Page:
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Posted: Sun Oct 07, 2007 6:59 pm
by Celebaglar
mandelbrot78 wrote:I have a question. I have the Winfrotz interpreter and Infocom games. While I can play them, I was wondering if anyone has done any modifications to improve the UI.

I'm interested in a UI like the one found in the Legend games, where you had a list of the available verbs, a list of the interactive items in a room, a list of your inventory present, an automapping feature and you could move by clicking on the compass (instead of typing n,e,w,s).

Or has somebody implemented the invisiclues inside the game, so you could type help at any given point and get a hint?
No one has tried to bolt on a Legend-like interface, though theoretically it might be possible. The reason is that I think most fans of the Infocom games would probably find that sort of interface spoils the game - kinda dumbing down the experience.

Depending on the version (each "story" file has actually had several versions released), some have clues accessible from within the game.

Posted: Mon Oct 08, 2007 5:48 am
by mandelbrot78
Too bad. I wouldn't consider it "dumbing it down"; it just facilitates the player to play the game. The difficulty of the puzzles would remain intact.

First time I came across a renovation in the text adventure UI was Demon's Tomb (1989), which could be played as a standard text adventure but it also had a menu driven system to enter commands with a mouse. It also supported macros, so you could define a shortcut of a command (like define x=examine). The parser even anticipated your commands and you could change the size and colour of text.

Needless to say I was blown away by it. Creating a user friendly UI, especially in this day and age ,where everybody expects things like automapping (we don't have the patience to draw maps on graph paper anymore), would make the games more approachable to modern audiences.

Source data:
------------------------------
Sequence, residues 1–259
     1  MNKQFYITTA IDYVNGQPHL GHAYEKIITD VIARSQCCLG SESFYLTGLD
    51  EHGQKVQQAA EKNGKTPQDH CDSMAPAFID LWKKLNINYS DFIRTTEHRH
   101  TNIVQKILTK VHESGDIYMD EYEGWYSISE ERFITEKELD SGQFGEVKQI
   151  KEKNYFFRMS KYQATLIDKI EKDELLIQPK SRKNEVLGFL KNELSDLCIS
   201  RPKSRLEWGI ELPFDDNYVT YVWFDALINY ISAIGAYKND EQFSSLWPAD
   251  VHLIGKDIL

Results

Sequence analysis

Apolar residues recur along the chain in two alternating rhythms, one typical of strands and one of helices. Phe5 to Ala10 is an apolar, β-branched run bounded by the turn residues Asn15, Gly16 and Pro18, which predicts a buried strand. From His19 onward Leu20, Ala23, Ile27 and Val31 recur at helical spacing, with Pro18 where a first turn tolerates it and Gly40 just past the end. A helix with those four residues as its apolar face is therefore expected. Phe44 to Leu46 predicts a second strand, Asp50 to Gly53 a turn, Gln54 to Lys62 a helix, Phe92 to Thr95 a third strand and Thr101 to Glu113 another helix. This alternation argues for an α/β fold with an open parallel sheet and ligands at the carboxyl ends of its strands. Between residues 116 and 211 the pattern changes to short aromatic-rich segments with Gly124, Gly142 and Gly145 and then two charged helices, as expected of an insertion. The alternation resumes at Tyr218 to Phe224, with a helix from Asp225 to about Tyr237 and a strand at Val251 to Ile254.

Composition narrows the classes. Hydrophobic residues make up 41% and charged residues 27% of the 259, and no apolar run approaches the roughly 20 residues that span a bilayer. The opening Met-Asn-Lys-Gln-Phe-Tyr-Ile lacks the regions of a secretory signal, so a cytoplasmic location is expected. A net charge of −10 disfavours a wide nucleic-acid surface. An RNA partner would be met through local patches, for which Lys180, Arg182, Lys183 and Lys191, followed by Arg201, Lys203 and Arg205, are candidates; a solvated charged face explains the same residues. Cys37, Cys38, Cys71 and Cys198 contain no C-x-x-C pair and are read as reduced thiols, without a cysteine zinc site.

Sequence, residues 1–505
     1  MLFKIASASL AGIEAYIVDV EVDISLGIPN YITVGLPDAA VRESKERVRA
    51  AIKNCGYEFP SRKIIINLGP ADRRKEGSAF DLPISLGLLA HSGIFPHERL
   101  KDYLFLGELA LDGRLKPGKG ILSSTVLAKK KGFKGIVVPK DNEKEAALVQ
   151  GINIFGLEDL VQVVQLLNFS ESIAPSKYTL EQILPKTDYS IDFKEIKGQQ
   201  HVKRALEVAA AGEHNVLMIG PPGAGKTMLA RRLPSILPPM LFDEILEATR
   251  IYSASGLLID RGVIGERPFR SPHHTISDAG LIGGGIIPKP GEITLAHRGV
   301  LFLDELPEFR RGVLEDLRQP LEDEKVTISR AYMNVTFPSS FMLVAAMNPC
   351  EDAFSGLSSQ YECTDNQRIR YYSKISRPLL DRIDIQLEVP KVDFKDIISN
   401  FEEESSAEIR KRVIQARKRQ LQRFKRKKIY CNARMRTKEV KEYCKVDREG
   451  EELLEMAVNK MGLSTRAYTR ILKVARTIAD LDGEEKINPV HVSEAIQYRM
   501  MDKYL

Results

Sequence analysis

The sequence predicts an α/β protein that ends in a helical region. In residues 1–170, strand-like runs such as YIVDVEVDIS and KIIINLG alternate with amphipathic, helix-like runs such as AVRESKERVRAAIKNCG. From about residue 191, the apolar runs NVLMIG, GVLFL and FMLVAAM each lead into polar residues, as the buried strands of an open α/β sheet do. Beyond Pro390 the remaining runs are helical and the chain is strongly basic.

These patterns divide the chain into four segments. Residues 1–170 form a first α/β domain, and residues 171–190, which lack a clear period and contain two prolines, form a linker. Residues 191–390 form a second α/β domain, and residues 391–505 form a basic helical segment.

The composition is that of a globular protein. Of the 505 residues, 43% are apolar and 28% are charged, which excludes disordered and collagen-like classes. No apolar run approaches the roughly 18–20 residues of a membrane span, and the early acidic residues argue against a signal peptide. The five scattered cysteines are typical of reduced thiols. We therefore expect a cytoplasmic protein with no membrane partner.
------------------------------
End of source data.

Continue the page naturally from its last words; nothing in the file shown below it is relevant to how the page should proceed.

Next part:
Posted: Mon Oct 08, 2007 6:09 am
by Celebaglar
mandelbrot78 wrote:Too bad. I wouldn't consider it "dumbing it down"; it just facilitates the player to play the game. The difficulty of the puzzles would remain intact.
Yes, but the story and prose would become virtually redundant. The interface would spoon-feed you all the important items so you wouldn't need to use your powers of observation.
First time I came across a renovation in the text adventure UI was Demon's Tomb (1989), which could be played as a standard text adventure but it also had a menu driven system to enter commands with a mouse. It also supported macros, so you could define a shortcut of a command (like define x=examine). The parser even anticipated your commands and you could change the size and colour of text.

Needless to say I was blown away by it. Creating a user friendly UI, especially in this day and age ,where everybody expects things like automapping (we don't have the patience to draw maps on graph paper anymore), would make the games more approachable to modern audiences.
Most of the Infocom games and the modern IF efforts support shortcuts for standard commands. There are mapping tools to help you map games but many games aren't map based anyway.

It's all a matter of personal preference I suppose.

Posted: Mon Oct 08, 2007 12:26 pm
by Antiriad2097
Frobnitz on Palm devices has some standard buttons that are clickable for the obvious things like N, S, E, W etc. Other words can be added and are user definable, so you can pick with the stylus instead of having to type every letter. A nice balance between making command entry easy and not giving too much away.